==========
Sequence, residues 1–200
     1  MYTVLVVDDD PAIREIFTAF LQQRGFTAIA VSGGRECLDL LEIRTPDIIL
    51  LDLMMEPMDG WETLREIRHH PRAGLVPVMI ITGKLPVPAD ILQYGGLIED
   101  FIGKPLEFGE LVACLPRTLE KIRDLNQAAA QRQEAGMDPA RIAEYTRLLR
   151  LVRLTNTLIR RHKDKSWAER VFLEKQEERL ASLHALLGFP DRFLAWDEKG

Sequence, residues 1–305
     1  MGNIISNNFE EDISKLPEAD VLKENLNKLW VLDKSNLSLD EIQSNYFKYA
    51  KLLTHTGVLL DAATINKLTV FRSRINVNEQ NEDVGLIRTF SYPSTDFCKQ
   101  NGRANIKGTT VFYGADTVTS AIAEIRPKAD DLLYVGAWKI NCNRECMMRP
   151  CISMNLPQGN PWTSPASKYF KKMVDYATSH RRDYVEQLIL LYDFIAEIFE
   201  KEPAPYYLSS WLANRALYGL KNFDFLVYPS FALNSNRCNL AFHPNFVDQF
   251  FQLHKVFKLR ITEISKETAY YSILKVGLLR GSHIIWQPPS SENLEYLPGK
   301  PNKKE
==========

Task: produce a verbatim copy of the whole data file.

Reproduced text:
Sequence, residues 1–200
     1  MYTVLVVDDD PAIREIFTAF LQQRGFTAIA VSGGRECLDL LEIRTPDIIL
    51  LDLMMEPMDG WETLREIRHH PRAGLVPVMI ITGKLPVPAD ILQYGGLIED
   101  FIGKPLEFGE LVACLPRTLE KIRDLNQAAA QRQEAGMDPA RIAEYTRLLR
   151  LVRLTNTLIR RHKDKSWAER VFLEKQEERL ASLHALLGFP DRFLAWDEKG

Sequence, residues 1–305
     1  MGNIISNNFE EDISKLPEAD VLKENLNKLW VLDKSNLSLD EIQSNYFKYA
    51  KLLTHTGVLL DAATINKLTV FRSRINVNEQ NEDVGLIRTF SYPSTDFCKQ
   101  NGRANIKGTT VFYGADTVTS AIAEIRPKAD DLLYVGAWKI NCNRECMMRP
   151  CISMNLPQGN PWTSPASKYF KKMVDYATSH RRDYVEQLIL LYDFIAEIFE
   201  KEPAPYYLSS WLANRALYGL KNFDFLVYPS FALNSNRCNL AFHPNFVDQF
   251  FQLHKVFKLR ITEISKETAY YSILKVGLLR GSHIIWQPPS SENLEYLPGK
   301  PNKKE